Regardless the device, the age group which listens to radio more time per diem is the oldest one (25-30 years old). 

Listening to music on other formats as CD, MP3 or Wi-Fi is an activity in which respondents spend a great amount of time – more than an hour in all age groups, as well as watching other TV contents as DVDs or programs for TV Box DVR. One possible explanation for these results may be the stratification of audiences, i.e., they are actively seeking for what they want to listen or watch, even when they use traditional media outlets for the effect.

We can also say that the respondents spend more time reading newspapers and magazines on the internet and less on their print versions. But in what concerns reading books, all age groups prefer the printed version, the age group of 19-24 being the one that spends more time reading books. This can relate to the composition of the sample in what concerns to the referred age group: mostly constituted by students, possibly having more time to read than the people that have a full-time job, as it is most probable in the older age cohort of the sample.

We can, therefore, say that traditional devices (such as TV or radio sets, and books in the printed version) still matter a lot in terms of time spent on media by young audiences when compared to new platforms, except for the time spent on reading newspapers and magazines, in which the Internet version surpasses the printed version.

This also confirms the results of the sample of the study, which point out to a displacement process of print newspapers, with new technologies (digital news sites, convergence of these platforms with computers and smartphones) apparently fulfilling “both the traditional need for information and new and unique psychosocial needs for active social and political participation” (Nossek et al., 2015, p. 379).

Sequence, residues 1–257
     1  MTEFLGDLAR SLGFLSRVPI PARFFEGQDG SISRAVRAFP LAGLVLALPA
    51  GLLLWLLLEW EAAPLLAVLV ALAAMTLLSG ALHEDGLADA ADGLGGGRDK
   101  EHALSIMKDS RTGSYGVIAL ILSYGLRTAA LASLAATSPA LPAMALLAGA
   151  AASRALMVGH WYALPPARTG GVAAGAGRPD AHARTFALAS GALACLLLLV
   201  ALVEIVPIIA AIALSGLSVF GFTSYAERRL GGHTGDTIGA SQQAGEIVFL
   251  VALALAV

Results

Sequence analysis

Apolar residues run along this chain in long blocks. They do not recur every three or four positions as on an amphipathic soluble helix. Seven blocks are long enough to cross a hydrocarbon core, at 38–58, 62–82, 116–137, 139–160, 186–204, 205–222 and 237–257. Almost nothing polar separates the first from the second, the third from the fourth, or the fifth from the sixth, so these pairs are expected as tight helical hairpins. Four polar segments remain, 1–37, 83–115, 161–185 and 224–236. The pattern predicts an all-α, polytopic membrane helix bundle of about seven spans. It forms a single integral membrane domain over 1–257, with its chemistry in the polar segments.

These results consubstantiate what we already suspected: sending text messages is mainly a teenager’s habit. The number of minutes spent texting not only decreases when ages grow, but the difference of time spent between the youngest age group and the second one is almost the double. Finally, we can tell that listening to audio books is the less popular activity amongst the ones listed in the survey.

In respect to Internet usage (see Table 3), we can conclude that “using social network sites” is the activity in which the youngsters, in general, spend more time, confirming SNS’s relevance in the current web landscape. The age group 14-18 said they had spent, in average, 79 minutes in SNS in the previous day of the survey.

 

 

One of the explanations to these results can be the “need for popularity”, which assumes a major importance in the teenage years. Indeed, previous research shows that this need is the strongest and most consistent predictor of SNS behaviours (Utz et al., 2012), as the use of SNS has effects in teenager's self-esteem and well-being (Valkenburg et al., 2006).

The second most popular activity for all age groups is “using websites concerning my interests and hobbies”. All of the three age groups spend similar time doing that, which makes us think that the Internet websites are a major source of information to the so-called Millennials. It shows that they generally trust in the information they discover online and is where they can find relevant information related to their interests and hobbies, probably because of the enormous amount of information about everything available online(ii).